I started reading your books in 1995 when I was a single mum and now I am very comfortable financially. I'm now 61 and plan to retire at the end of the year.
I have a good superannuation fund and $145,000 worth of good shares that I bought with a margin loan. The loan is now $69,000. Is it better to sell my shares and add them to my super or keep going as I am. I have a $49,000 loss in my tax from years back.
Congratulations on what you've achieved. I think disposing of the shares and contributing the proceeds to super is a good idea, especially if you have capital losses available to mitigate any capital gain that you may have on those shares.
If you are still employed and on a reasonable income, you may wish to use part of the proceeds to make a tax-deductible contribution to super. You are allowed $27,500 a year less whatever contribution your employer has made for you.
I understand that most superannuation balances have taken a hit in the last few months. I am 70, my wife is 62 and our only asset is $225,000 in superannuation.
We have no other property or assets. I don't want to risk losing any more of my precious superannuation, so should I put the money into a bank account for safekeeping?
I appreciate that these can be nerve racking times, but a good superannuation fund having fallen should eventually recover. You should be getting 50 per cent of the adult couples pension, which at least will be providing some income for you.
I would try to draw as little as possible out of my superannuation until the market recovers. I know that it's important to sleep well at night, so maybe one way out is to transfer possibly a third of your superannuation to the cash option inside your superannuation fund, to tide you through until the market recovers.
How do you balance paying off a mortgage, investing in shares, having some savings and spending for fun?
Samuel Johnson once said "A man who both spends and saves money is the happiest man, because he has both enjoyments".
I have never recommended a spartan lifestyle - the way to financial success is to do a budget, making sure your essential expenditure items are the first to be allowed for.
It is really then a matter of adjusting your habits for what money is left over. The great thing about Australia is that many of the best things are free. These include beach and bush walks, libraries and many other free attractions.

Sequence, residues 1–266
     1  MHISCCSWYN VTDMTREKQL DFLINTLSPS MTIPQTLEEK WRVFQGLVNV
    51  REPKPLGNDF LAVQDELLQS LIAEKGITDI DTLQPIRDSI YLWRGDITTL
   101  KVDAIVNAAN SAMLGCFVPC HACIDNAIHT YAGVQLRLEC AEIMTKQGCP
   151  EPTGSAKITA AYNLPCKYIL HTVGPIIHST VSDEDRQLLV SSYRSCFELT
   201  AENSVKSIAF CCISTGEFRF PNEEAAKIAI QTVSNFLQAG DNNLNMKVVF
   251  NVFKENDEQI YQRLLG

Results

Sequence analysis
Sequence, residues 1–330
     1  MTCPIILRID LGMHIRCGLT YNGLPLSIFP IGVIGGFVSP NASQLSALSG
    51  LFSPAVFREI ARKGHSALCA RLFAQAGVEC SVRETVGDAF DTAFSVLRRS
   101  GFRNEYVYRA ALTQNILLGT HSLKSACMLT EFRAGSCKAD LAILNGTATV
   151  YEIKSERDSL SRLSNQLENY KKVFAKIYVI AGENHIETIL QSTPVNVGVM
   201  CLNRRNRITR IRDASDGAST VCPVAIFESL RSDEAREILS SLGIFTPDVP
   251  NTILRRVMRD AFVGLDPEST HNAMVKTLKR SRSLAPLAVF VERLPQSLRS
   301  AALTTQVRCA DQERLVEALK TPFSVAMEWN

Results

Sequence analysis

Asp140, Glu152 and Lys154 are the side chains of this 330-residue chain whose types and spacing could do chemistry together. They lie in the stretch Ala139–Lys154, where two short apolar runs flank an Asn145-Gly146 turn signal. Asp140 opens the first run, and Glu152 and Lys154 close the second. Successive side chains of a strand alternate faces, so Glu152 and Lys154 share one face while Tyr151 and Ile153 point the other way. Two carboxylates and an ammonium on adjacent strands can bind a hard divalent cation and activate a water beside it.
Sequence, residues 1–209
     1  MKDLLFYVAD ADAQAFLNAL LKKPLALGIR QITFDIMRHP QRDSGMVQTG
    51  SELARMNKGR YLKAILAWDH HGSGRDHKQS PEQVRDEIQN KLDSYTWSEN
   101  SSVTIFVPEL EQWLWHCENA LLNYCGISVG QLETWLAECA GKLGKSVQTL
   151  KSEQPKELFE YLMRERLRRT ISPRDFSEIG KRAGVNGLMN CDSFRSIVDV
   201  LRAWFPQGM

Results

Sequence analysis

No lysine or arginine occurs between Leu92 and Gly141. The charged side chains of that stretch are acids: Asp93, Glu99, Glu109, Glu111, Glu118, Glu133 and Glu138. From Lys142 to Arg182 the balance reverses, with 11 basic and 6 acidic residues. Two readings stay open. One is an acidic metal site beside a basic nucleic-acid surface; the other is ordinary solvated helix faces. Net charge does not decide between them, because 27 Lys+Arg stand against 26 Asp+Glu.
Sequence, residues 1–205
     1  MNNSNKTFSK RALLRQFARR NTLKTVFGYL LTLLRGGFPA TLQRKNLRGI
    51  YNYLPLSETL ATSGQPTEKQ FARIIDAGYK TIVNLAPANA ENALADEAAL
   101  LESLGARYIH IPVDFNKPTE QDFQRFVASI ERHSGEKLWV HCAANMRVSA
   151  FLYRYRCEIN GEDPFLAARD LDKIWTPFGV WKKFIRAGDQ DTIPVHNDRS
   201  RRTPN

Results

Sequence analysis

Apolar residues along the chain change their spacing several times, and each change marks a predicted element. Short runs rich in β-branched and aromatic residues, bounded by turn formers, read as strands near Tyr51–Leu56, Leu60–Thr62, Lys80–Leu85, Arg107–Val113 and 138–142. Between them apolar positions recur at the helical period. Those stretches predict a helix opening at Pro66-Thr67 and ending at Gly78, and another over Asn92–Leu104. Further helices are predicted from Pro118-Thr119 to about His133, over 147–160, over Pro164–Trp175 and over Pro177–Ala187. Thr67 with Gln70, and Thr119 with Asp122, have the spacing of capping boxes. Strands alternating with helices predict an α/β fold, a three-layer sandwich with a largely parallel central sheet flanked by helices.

I have a question about eligibility for the Commonwealth Seniors Health Card (CSHC). We are a retired couple, both over 67, and our understanding is that the value of our combined financial assets such as superannuation shares and bank accounts are subject to deeming for the income test for the card.
Am I correct in thinking that any actual dividends are not added to the deemed income when working out eligibility, even though they are part of our taxable income?
If the dividends are not part of our deemed income, how will my extra casual income of $5000 a year be treated?
If our combined income from superannuation shares and bank deposits is over $90,000, and my earned income is $5000, I would be over the limit of $92,416, which I understand is the cut-off point for the card.
Your assumptions are not all correct. The card is not asset tested, just income tested.
The test is your Adjusted Taxable Income (ATI) plus deemed income from any superannuation assets from which you are drawing a pension. For example, if you had no superannuation in accumulation mode, and had $3 million in superannuation in pension mode, the deemed income from that would be $65,628 a year.
Your ATI does not include pension income from superannuation, but merely your combined income from investments outside superannuation.
Keep in mind that Labor has promised to increase the income threshold for singles from just under $58,000 a year to $90,000 a year and for couples to $144,000 a year. These new limits are supposed to take effect from July 1, 2022 but the changes are not yet legislated.